First Zambian startup to launch into YC develops Africa’s first card issuing API

by MMC
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More than 40 African startups from a handful of countries have gone through YC over the past decade. Zambia joins this list today, and its entrant, Union54is a first entry worthy of the name.

Union54 (54 is a nod to the number of African countries) is a fintech company founded by Perseus Mlambo and Alessandra Martini. The startup claims to be the first card issuing API in Africa and the only just launched this year. But to summarize the picture, Union54 didn’t come out of nowhere; it’s a project from the couple’s previous startup, Zazu.

Zazu Was launched in 2015 as a challenger bank in Zambia. Like any fintech on the continent, Zazu had to create its own debit cards that users could connect to a wallet. Most of the time, Zazu had to wait months for the country’s partner banks to issue these cards. Mlambo tells me that at one point they had to wait 18 months.

All this as the founders began working with area banks to begin issuing cards themselves.. But the banks have been lethargic in their approaches. “We just realized that neither the processor nor the bank were not necessarily well equipped to be able to answer our questions or to be able to provide us with the product that we are looking for,” Mlambo told TechCrunch in an interview.

The startup decided to go for the target and meet Mastercard. I mean, why wait for the banks when you can stop the people issuing these cards, right? Eventuallythe company has secured membership in Mastercard Principe, Africa’s first fintech, she claims..

As a lead member, Zazu became authorized to act as an “issuing bank”. In other words, they can provide debit cards and as “acquirers”, which means they can provide transaction processing services.

Along the way, the founders realized that has Really To advance African fintech, it was imperative to make it easier for fintechs in any African country to issue virtual or physical debit cards. The team therefore separated Union54 from Zazu. The platform now has several APIs that allow any fintech to easily issue programmable debit cards.

“We are now using our membership to be able to help other companies, any African fintech that wants to issue their own cards.. They can just come see us, connect to our APIs and get moving quicklywithout needing to spend a lot of time negotiating,” Mlambo said of providing services to other African fintechs.

The CEO adds that the company is targeting fintechs that don’t want to spend hundreds of thousands of dollars on setup fees. has get virtual or physical cards. Union54 claims to issue cards within weeks via an API that provides, among other features, BIN sponsorship, program management and settlement.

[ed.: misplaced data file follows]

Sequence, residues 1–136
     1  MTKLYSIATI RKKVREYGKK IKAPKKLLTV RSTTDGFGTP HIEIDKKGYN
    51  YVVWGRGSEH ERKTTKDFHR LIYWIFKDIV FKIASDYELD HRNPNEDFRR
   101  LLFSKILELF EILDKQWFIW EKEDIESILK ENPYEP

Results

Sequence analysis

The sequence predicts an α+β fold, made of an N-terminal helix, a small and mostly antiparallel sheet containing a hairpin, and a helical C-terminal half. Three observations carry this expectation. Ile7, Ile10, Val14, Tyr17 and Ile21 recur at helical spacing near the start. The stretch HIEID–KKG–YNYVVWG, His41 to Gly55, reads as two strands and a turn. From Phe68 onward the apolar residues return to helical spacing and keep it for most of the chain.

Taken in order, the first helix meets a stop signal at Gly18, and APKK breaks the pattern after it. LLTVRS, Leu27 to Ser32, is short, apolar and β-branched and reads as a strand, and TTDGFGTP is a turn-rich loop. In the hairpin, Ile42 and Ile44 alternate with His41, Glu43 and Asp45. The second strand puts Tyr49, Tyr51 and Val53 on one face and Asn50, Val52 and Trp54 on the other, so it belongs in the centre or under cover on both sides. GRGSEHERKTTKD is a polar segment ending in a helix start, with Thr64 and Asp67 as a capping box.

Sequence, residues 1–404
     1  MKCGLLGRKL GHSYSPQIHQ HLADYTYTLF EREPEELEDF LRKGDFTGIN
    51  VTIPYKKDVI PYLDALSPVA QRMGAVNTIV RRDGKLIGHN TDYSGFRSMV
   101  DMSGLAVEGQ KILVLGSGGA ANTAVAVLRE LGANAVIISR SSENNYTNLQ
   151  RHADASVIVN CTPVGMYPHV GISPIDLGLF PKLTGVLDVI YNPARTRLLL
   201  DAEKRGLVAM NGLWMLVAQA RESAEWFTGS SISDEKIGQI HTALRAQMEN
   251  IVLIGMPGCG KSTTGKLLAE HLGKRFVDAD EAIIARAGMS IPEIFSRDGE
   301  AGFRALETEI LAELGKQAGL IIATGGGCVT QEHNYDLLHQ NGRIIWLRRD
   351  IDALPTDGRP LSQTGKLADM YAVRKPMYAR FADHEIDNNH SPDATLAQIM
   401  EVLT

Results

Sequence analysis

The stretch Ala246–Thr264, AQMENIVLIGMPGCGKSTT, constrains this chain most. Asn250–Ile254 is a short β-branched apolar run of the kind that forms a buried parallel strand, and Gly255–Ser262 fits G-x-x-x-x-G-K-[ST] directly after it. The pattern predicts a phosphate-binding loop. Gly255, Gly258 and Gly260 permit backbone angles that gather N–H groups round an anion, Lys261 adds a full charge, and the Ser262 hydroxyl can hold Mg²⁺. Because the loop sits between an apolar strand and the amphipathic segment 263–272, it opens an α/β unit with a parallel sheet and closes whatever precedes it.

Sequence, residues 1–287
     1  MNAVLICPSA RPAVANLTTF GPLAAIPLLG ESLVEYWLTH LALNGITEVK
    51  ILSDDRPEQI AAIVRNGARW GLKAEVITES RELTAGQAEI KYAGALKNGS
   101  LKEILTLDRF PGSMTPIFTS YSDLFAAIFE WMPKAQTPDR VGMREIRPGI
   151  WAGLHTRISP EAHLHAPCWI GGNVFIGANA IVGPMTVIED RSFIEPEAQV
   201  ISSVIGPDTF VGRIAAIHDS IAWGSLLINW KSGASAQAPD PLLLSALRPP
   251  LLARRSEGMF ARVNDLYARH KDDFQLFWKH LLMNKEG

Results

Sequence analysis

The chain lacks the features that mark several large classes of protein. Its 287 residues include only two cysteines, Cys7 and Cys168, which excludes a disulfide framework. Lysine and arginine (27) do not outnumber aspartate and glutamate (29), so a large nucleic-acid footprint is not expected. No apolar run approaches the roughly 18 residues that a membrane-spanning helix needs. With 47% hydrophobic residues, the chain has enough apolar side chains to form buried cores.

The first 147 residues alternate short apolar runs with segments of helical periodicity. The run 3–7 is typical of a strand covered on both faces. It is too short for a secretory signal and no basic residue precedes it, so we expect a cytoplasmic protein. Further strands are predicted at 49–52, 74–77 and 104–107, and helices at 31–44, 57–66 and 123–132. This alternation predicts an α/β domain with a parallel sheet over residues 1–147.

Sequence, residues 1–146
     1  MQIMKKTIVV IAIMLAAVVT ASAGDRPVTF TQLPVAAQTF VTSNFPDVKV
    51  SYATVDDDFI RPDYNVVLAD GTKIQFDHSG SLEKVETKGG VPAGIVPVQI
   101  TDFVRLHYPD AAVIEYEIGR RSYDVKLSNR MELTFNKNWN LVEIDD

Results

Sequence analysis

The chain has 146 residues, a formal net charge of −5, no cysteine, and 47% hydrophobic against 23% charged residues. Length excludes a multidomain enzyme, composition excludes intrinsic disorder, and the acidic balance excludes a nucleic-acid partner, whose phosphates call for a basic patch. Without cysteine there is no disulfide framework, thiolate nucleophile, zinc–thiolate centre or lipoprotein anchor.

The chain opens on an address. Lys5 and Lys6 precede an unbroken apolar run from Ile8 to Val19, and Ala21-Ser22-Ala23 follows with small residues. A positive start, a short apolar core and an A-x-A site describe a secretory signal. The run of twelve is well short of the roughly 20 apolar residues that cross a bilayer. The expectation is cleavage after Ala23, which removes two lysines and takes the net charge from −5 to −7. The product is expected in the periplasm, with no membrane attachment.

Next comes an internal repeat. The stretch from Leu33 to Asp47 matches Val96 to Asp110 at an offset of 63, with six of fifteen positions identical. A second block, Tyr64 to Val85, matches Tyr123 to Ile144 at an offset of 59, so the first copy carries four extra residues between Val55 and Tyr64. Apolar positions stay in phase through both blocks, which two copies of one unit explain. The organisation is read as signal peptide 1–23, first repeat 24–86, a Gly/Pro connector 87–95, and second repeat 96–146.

Being able to do this gives Union54 the bragging rights of being the leading card issuing API in Africa. Fintechs have rarely considered this opportunity; most are concentrated on other segments, from payment gateways to wallets. This is an interesting point to note because, in one way or another, all the big players in these segments end up trying to create virtual and physical cards for their customers and face complications.. This is the void that Union54 wants to fill, and although it is currently in beta, the company boasts an impressive anonymous customer base on its waitlist currently using the platform.

“The fascinating The problem with these companies is that they are not B or C players. They are part of the top 5% of African fintechs. And for me, I always tell people, we are now in the golden generation of African fintech. So it’s Really the ideal time for a card issuing product to work with all these guys are considered leaders in their field. This means that we Really I have something that people want to use every day,” added the CEO.

On the company’s site, there are eight use cases for its API: ledger-based, acquirers/gateways, buy now, pay later, credit union, delivery companies, digital banking, card management credit and corporate cards.

Fintechs using Union54 are also allowed to design the cards and set the currency in which they want the cards to be sent. to be in chargeand establish a complete catalog of who will use them, what they will do to be used because when they do to be used and how they will do it to be used.

Union54 charges fintechs on a pay-as-you-go basis for each API call. If a fintech company wants to create a physical card, they are loaded flat fees between $7 and $9 and fixed fees not disclosed during a transaction is made.

Mlambo says participating in YC’s 2021 summer batch allowed the company to sign up its first batch of customers, as most of them are from YC’s network.. He considers YC a program that has been “worth it since day one.”

“I am Really excited and proud that Union54 became the first Zambian fintech to be accepted into Y Combinator. And the second in southern Africa. As you know, when global investors look at Africa, they often do so from a West African perspective and our entry into Y Combinator validates a small part of our broader hypothesis: it is possible to serve the Africa from friendly jurisdictions such as Zambia.

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